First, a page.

California Hospital News Roundup for the Week of October 14, 2011
Alameda Hospital has received certification as a primary stroke center from the Joint Commission, a national accrediting agency, the Contra Costa Times reports.
The hospital previously had treated stroke patients under an exemption from county rules requiring patients to be transported to a certified stroke center. County health officials revoked the exemption in December 2010 following a resident's complaints about its effects on stroke care.
To earn stroke certification, hospital officials had to fulfill a number of requirements, including training staff, establishing policies on stroke care and educating the public on stroke symptoms (Ellson, Contra Costa Times, 10/11).
Community Regional Medical Center, Fresno
Community Regional Medical Center has settled a wrongful death lawsuit filed by a family of a patient who died in December 2010 after an overdose of the blood thinner heparin, KFSN reports.
According to KFSN, the hospital settled the lawsuit for close to $250,000, which is the maximum amount permitted by law (Rose, KFSN, 10/6).
Doctors Medical Center, San Pablo
Gov. Jerry Brown (D) recently signed into law a bill (SB 644), by Sen. Loni Hancock (D-Berkeley), that could help keep San Pablo-based Doctors Medical Center in operation, the Contra Costa Times reports.
The hospital has faced financial difficulties, and proponents of the measure said it will make it easier for the facility to borrow money.
The legislation allows lenders to secure a lien against the hospital's parcel tax revenue to offer assurance that their loans would not be modified if the hospital files for bankruptcy.
The facility could borrow up to $20 million this fall to meet its financial obligations through 2012 (Kleffman, Contra Costa Times, 10/10).
Eisenhower Medical Center, Rancho Mirage
Eisenhower Medical Center has received accreditation from the Accreditation Council for Graduate Medicine to become a teaching hospital, the Palm Springs Desert Sun reports.
The hospital expects to start training physicians in 2013 to help fill a shortage in primary care physicians in the Coachella Valley. It will offer residency programs in internal and family medicine. Each program will run for three years and accept eight students annually.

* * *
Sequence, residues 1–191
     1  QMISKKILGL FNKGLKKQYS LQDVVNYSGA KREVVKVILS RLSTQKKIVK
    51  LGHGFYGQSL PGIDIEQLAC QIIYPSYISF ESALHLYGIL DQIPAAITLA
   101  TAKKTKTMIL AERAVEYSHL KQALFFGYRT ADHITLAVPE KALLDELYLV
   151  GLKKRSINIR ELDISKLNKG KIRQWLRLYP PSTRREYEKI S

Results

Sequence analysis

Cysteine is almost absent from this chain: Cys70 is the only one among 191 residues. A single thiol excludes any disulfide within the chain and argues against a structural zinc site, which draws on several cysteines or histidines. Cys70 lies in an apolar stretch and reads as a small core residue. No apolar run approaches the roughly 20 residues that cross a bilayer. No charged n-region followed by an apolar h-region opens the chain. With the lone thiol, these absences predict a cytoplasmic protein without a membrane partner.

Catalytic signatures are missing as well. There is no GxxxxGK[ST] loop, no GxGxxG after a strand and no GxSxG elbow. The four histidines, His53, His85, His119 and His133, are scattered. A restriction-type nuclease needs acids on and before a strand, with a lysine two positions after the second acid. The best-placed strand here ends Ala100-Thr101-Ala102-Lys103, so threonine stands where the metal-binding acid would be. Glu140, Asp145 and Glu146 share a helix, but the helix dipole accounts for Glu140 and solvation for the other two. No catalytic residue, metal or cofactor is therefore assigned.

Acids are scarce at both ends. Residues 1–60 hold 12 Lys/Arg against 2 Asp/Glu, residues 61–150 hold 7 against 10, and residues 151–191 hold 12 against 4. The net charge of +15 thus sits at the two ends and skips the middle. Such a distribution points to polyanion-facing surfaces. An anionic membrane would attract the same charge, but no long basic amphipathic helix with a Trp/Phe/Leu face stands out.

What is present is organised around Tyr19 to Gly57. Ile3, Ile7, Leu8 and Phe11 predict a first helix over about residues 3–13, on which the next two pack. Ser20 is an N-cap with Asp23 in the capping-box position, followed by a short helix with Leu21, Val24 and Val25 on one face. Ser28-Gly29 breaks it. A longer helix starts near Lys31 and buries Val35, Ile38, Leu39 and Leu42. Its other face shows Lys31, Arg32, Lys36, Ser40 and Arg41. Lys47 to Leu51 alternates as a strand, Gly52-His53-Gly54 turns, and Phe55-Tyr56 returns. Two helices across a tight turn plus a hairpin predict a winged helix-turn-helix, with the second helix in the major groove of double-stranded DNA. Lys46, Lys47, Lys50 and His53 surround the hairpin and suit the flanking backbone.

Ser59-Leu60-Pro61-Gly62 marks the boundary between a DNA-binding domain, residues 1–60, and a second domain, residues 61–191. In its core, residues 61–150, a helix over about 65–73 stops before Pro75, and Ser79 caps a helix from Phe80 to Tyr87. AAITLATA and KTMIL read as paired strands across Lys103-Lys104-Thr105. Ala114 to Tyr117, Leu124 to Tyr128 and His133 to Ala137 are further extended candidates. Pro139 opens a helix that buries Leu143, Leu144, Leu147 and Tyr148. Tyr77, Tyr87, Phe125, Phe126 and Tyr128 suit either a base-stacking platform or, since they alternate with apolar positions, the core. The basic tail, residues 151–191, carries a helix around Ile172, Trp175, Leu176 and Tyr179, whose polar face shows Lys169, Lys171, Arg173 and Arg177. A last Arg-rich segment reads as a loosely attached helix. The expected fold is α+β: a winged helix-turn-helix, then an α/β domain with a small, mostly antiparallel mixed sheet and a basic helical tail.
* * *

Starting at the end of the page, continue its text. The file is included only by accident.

The programs will be affiliated with the University of Southern California Keck School of Medicine and Loma Linda University School of Medicine.
Of the $50 million needed to start the programs the hospital will offer, $17 million has been raised (Kaufman, Palm Springs Desert Sun, 10/12).
Enloe Medical Center, Chico
Enloe Medical Center has been recognized as a "Baby-Friendly birth facility" that systematically encourages new mothers to breastfeed their infants, the Chico Enterprise-Record reports.
The hospital received the designation under criteria developed by the World Health Organization andÂ the United Nations Children's Fund as providing an environment that supports and promotes breastfeeding.
Enloe began working toward the designation in 2004 by having a staff member become a credentialed lactation specialist. In addition, Enloe spokesperson Christina Chavira said the hospital taught physicians and employees about breastfeeding and made changes in the clinical management of breastfeeding (Chico Enterprise-Record, 10/12).
Martin Luther King Center for Public Health, Los Angeles
Last week, Los Angeles County officials opened the Martin Luther King Public Health Center, KPCC's "KPCC News" reports.
The center offers no-cost vaccinations, and testing and treatment for sexually transmitted infections and tuberculosis.
The opening of the center is part of the construction of a new Martin Luther King medical campus. A new 120-bed hospital is expected to open within the next 16 months (Jahad, "KPCC News," KPCC, 10/7).
St. Mary Medical Center, Long Beach
St. Mary Medical Center is searching for potential partners in the wake of increasing financial challenges, the Long Beach Press-Telegram reports.
Mark Meyers -- senior vice president of operations for the Los Angeles Service Area for Catholic Healthcare West, which owns St. Mary -- said in a statement that the hospital continues to serve a growing number of uninsured residents.
He said the hospital has faced insufficient reimbursements from government health care programs and has provided nearly $75 million in charity care and community benefits in the last five years.
The hospital did not disclose whether any potential partners have come forward, whether there is a deadline for when the hospital can secure a partnership, or what could happen if the hospital does not find a partnership (Meeks, Long Beach Press-Telegram, 10/11).This is part of the California Healthline Daily Edition, a summary of health policy coverage from major news organizations. Sign up for an email subscription.